He dispatched his top tax expert to try and convince rank-and-file Republicans that the collection of millions of dollars of new tax revenue from out-of-state retailers will help shore up the budget.
Gambling expansion: After failing to advance the legalization of sports betting in recent years, lawmakers in both chambers are hoping 2019 is the year that Missouri allows bettors to wager money on their favorite teams.
They also are pushing bills that would legalize video gambling at trucks stops, restaurants and bars.
Schatz said he’s going to move forward cautiously. “I don’t want to subject every person to ringing bells and slot machines when they are going into a convenience store to get a gallon of milk,” he said.
Earnings tax: Although the issue has languished in recent years, Sen. Bill Eigel, R-Weldon Spring, says he wants to end the collection of a 1 percent earnings tax imposed on people who work in St. Louis and Kansas City.
City officials say the repeal of the tax would gut their budgets and hurt services ranging from police and fire protection to road maintenance.
Workforce development: Parson has made workforce development a key plank in his platform, saying the state needs alter the way it provides educational opportunities for students by offering more certificates, apprenticeships, and alternative credentialing programs.
“In order to ensure Missouri is on the right track, we must give our students and workers the skills and tools to be successful,” Parson said.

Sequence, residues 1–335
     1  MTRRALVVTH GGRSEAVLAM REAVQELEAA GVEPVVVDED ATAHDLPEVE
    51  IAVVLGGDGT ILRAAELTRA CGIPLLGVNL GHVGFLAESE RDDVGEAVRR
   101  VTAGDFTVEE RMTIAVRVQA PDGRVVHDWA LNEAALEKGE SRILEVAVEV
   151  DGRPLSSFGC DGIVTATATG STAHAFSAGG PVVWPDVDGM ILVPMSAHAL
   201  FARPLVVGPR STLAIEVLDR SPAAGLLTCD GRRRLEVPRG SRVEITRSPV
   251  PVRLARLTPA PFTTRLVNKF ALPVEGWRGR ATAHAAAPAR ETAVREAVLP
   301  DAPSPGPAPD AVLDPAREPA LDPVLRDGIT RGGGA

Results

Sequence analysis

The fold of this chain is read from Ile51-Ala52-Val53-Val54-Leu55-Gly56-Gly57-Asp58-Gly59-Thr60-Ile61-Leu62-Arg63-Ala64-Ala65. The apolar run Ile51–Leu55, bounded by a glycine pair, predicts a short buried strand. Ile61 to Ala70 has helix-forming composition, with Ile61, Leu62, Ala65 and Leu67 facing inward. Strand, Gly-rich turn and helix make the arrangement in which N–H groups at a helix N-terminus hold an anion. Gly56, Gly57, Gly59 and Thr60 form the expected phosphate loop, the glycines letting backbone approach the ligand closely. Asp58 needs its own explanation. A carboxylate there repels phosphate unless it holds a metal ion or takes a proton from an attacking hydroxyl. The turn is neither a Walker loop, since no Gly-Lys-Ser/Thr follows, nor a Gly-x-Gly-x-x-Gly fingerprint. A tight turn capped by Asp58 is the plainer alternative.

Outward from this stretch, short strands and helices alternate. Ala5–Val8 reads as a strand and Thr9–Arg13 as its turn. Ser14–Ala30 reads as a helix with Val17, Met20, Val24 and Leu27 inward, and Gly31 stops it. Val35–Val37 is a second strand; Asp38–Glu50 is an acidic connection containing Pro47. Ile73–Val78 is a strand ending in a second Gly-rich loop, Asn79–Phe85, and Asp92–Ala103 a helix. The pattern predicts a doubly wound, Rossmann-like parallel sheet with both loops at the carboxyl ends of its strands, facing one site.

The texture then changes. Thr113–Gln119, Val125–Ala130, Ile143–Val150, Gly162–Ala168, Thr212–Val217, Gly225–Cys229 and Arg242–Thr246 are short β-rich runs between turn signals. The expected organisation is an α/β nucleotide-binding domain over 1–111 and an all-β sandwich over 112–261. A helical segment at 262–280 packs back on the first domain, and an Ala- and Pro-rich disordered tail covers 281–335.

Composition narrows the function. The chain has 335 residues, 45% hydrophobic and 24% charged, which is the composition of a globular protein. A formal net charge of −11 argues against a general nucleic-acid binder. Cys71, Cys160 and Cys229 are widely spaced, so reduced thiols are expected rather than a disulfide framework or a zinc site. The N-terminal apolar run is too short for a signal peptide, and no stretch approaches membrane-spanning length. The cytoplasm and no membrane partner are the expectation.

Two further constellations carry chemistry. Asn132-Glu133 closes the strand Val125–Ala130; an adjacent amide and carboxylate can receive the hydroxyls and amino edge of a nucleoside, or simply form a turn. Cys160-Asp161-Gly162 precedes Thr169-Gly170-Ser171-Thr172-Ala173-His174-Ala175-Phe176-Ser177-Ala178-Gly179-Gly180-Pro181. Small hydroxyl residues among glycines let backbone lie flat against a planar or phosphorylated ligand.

Higher education: Schatz said he wants lawmakers to consider a plan that would limit how much colleges and universities can raise fees, saying students need to know how much their education will cost before committing to a particular institution.
“I think the rising cost of higher education is something we’ve got to get our hands around,” Schatz said.
Transportation taxes: After voters turned down a plan in November to raise the gas tax by 10-cents over four years, Parson says he wants to find other ways to generate revenue to maintain and expand the state’s roads and bridges.
Lawmakers could look at toll roads, increasing motor vehicle registration fees or other taxes in response to the rejection of the tax hike.
“Missouri’s infrastructure needs are long overdue and now is the time to take action,” Parson said.
Debtors prison: A bipartisan effort to end debtors prisons in Missouri could be brewing.
Currently, Missouri allows judges to impose jail sentences on people who cannot pay the costs of previous jail stays, resulting in them being sent back to jail.
Rep. Justin Hill, R-Lake Saint Louis, is sponsoring legislation that would address private probation companies, which he says are contributing to the problem.
The issue also is on the radar of Rep. Bruce DeGroot, R-Chesterfield.
Tort reform: Republicans will again go up against trial attorneys in an annual battle over tort reform.
Among the items on the table are changes that would limit who can file lawsuits in an attempt to rein in the number of high profile cases that are brought in St. Louis by out-of-state plaintiffs.
“The overall goal is that we make Missouri an attractive place to do business,” Schatz said.